Mushroom consumption could be linked to a lower risk of prostate cancer according to a new study published in the International Journal of Cancer . The researchers used data from 36,000 Japanese men who covered several decades, ranging in age from 40 to 79 years. These men came from the Miyagi and Ohsaki areas of Japan.
The data were also collected thanks to questionnaires that included questions such as those related to the consumption of mushrooms or other particular foods, as well as questions related to physical activity and personal and family medical conditions.
Researchers discovered a link between regular mushroom consumption and a reduction in prostate cancer risk in men and this link was even more significant for men aged 50 and over and in those men where the diet was mainly made from meat and dairy products with limited consumption of vegetables and fruit.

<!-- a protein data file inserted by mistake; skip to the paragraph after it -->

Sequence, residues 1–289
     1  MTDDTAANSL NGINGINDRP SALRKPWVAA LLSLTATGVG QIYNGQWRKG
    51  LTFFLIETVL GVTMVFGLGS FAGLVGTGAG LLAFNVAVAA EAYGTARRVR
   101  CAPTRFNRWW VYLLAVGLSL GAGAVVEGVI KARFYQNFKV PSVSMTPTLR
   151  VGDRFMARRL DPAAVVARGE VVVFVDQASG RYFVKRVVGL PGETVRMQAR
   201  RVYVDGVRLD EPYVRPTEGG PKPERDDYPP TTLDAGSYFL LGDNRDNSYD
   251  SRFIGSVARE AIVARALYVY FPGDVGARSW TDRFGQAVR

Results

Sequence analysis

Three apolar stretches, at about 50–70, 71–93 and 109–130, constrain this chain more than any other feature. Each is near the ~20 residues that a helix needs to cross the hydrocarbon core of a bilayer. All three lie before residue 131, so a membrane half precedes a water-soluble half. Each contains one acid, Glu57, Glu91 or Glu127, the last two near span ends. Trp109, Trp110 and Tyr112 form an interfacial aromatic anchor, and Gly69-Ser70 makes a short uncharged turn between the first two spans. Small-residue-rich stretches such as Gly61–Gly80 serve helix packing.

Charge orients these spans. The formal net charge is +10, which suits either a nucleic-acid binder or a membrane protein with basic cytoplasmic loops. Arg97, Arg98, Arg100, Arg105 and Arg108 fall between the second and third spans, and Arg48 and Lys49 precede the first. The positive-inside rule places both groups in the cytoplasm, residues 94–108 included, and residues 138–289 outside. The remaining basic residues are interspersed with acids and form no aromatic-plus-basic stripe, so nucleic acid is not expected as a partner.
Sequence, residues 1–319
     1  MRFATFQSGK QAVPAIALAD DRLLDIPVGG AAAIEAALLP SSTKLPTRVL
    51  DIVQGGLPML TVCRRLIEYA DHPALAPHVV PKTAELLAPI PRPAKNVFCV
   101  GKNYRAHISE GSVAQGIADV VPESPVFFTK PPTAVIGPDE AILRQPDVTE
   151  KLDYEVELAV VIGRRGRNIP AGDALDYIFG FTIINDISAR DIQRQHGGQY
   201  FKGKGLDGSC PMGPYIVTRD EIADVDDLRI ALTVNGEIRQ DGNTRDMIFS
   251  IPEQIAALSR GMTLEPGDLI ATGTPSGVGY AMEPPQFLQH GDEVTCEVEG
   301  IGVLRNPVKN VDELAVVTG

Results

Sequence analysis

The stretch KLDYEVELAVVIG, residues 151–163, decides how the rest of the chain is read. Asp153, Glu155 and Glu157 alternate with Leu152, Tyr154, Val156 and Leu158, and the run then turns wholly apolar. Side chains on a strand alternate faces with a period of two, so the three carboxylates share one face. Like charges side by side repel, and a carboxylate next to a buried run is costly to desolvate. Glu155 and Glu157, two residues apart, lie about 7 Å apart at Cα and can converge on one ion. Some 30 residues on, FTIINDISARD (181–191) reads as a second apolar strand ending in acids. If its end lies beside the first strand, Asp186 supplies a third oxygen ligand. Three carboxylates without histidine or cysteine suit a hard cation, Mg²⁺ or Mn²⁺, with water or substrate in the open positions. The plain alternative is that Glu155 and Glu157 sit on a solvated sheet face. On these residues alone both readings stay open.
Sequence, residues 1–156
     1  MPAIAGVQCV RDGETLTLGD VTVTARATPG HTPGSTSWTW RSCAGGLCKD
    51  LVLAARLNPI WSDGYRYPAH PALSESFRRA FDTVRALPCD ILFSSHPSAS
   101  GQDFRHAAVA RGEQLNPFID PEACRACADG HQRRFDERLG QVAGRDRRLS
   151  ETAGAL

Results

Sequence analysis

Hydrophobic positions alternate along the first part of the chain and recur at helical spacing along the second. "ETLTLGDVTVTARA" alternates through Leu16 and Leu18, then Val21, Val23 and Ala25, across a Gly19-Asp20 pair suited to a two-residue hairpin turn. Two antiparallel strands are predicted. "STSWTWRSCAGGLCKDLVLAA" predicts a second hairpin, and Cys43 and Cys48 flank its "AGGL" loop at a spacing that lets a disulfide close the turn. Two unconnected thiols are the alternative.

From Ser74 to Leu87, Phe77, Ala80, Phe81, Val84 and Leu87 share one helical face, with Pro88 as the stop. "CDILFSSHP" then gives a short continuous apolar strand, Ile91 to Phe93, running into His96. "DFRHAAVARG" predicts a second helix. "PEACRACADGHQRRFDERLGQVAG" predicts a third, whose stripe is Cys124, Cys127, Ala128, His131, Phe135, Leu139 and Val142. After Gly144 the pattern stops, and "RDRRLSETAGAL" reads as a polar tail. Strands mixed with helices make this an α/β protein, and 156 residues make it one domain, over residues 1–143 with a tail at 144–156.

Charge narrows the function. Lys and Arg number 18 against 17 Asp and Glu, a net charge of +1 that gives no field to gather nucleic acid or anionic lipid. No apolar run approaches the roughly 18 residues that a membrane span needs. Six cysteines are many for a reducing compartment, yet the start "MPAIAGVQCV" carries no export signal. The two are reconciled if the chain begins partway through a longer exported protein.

“Although our study suggests that regular consumption of mushrooms can reduce the risk of prostate cancer, we also want to emphasize that a healthy and balanced diet is much more important than filling the trolley with mushrooms,” Shu Zhang says. Zhang is a professor of epidemiology at the Tohoku University as well as lead author of the study
Zhang adds that in the past, test-tube studies and studies on living organisms had shown that fungi can potentially prevent prostate cancer.
According to the researcher, this is to be explained by the good amount of vitamins, minerals and antioxidants present in mushrooms, in particular L-ergotionein. The latter regulates the cellular imbalance caused by unsound dietary choices and long-term exposure to environmental toxins.
Zhang himself admits that new research is needed to understand the extent of this connection also because this study was carried out only on a limited population.